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Reforming the United Nations

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Satish Tandon
Satish Tandon
Professor at a reputed university, teaching English and economics, in Japan.

As the world is about to witness the first anniversary of the Russian invasion of Ukraine on February 24 in breach of the UN Charter and international law, it is time to ask what has the United Nations been up to during this one year. Wasn’t the United Nations set up to prevent wars, especially wars of aggression? If that is indeed the case, why then, the UN has been unable to exercise its mandate and save millions of lives since its inception?

While it is easy to point the finger at the UN in view of its supposed inability to prevent wars, one must also remember that the UN is a microcosm of the world that it represents. Superpower rivalries get reflected in the UN and in the Security Council, rendering positive action and desirable results a far-fetched dream. The five superpowers possess the power of ‘Veto’ which, if used by even one of the five, immediately kills any progress that may have been made after heated and arduous negotiations.

At the same time, and to be fair, we must acknowledge that The United Nations has had several successes in preventing wars and promoting peace and stability. Some of the most notable include:

  • Peacekeeping operations: The UN has been successful in deploying peacekeeping operations in various conflict zones around the world, helping to maintain ceasefires, promote reconciliation, and protect civilians. Some of the most successful peacekeeping missions include those in Namibia, El Salvador, and Cambodia.
  • Mediation and diplomacy: The UN has been successful in mediating conflicts and promoting diplomatic solutions through its various peace initiatives, such as the peace processes in Bosnia and Herzegovina and the Democratic Republic of the Congo.
  • Humanitarian aid: The UN has been successful in providing humanitarian aid to millions of people affected by conflicts and natural disasters around the world. This has helped to alleviate the suffering of civilians and prevent the escalation of violence in many conflict-affected areas.
  • Disarmament and arms control: The UN has successfully promoted disarmament and arms control efforts, including negotiating several international treaties, such as the Chemical Weapons Convention and the Comprehensive Nuclear Test Ban Treaty.

These are some of the greatest successes of the United Nations in preventing wars and promoting peace and stability. While the UN has faced challenges and limitations, these successes demonstrate its continued relevance and importance in addressing global peace and security issues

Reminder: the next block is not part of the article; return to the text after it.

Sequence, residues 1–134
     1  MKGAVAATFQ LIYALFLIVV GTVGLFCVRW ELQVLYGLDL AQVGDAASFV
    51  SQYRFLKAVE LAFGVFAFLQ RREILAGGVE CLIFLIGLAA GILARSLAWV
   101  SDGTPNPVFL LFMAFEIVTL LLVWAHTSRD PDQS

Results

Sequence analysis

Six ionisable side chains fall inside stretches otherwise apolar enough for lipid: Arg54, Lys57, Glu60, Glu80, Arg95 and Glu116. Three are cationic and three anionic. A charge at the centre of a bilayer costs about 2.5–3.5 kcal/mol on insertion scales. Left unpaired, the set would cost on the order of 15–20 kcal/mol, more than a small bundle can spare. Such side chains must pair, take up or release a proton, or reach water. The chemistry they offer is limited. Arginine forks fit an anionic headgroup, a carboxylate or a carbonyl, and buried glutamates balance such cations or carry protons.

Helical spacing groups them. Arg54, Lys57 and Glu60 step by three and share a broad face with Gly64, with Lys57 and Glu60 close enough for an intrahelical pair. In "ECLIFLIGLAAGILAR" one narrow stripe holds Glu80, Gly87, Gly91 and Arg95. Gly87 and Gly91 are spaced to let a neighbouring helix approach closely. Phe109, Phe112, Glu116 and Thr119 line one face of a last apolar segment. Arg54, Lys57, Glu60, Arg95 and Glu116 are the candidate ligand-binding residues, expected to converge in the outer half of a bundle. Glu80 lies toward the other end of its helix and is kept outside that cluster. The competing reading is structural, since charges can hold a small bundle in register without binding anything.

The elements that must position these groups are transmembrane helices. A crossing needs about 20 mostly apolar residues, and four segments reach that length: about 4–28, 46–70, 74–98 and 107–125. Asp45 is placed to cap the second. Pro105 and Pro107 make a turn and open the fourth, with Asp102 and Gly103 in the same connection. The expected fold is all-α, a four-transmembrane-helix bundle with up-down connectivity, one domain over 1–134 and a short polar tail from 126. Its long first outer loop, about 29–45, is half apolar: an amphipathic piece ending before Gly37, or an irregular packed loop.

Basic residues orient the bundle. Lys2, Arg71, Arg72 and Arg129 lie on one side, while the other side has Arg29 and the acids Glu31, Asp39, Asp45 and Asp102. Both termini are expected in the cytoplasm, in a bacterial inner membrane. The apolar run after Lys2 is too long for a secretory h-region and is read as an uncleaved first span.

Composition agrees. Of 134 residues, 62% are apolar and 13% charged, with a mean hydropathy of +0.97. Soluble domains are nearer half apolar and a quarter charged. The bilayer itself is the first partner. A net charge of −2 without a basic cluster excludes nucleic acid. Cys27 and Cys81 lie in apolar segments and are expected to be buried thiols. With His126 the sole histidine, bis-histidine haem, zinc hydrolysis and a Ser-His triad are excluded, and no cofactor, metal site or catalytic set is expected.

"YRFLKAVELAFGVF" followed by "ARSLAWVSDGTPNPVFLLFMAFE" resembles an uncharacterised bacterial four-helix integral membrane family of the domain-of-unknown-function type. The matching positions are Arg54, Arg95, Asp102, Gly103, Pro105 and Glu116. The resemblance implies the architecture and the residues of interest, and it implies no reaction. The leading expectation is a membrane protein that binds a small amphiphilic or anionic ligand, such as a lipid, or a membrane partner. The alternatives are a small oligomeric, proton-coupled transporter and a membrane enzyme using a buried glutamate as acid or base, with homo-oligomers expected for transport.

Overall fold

Improving the United Nations to prevent wars and neutralize the inaction caused by the veto-wielding threats from the five permanent members of the Security Council can be done in several ways:

Reviewing the veto power: One way to neutralize the effects of the veto is to review the veto power, including the possibility of limiting its use in cases of genocide, mass atrocities, or human rights violations.

Improving the role of regional organizations: The UN should enhance its cooperation with regional organizations to address conflicts at the regional level and reduce the need for Security Council action.

Strengthening the General Assembly: The General Assembly should play a more active role in promoting international cooperation and addressing global challenges, including conflict resolution.

Encouraging transparency and accountability: The UN should improve its accountability and transparency mechanisms to ensure that it is held responsible for its actions and decisions.

Encouraging diplomacy and negotiation: The UN should continue to promote diplomacy and negotiation as the primary means of resolving conflicts and disputes.

Increasing the involvement of non-permanent members: The UN should work to increase the involvement of non-permanent members of the Security Council in decision-making processes and provide them with greater opportunities to shape the Council’s agenda.

The composition of the UN Security Council itself is no longer representative of a globalized and multi-polar world. The most populous, the world’s fifth-largest economy, and an exemplary contributor to eighty years of UN peacekeeping efforts must be inducted into the Security Council, along with Brazil and South Africa, to bring balance, equity, and transparency to the United Nations.

By taking these steps, the United Nations can better address the challenges posed by the veto power of the permanent members of the Security Council and more effectively prevent wars and promote peace and stability.

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Satish Tandon
Satish Tandon
Professor at a reputed university, teaching English and economics, in Japan.
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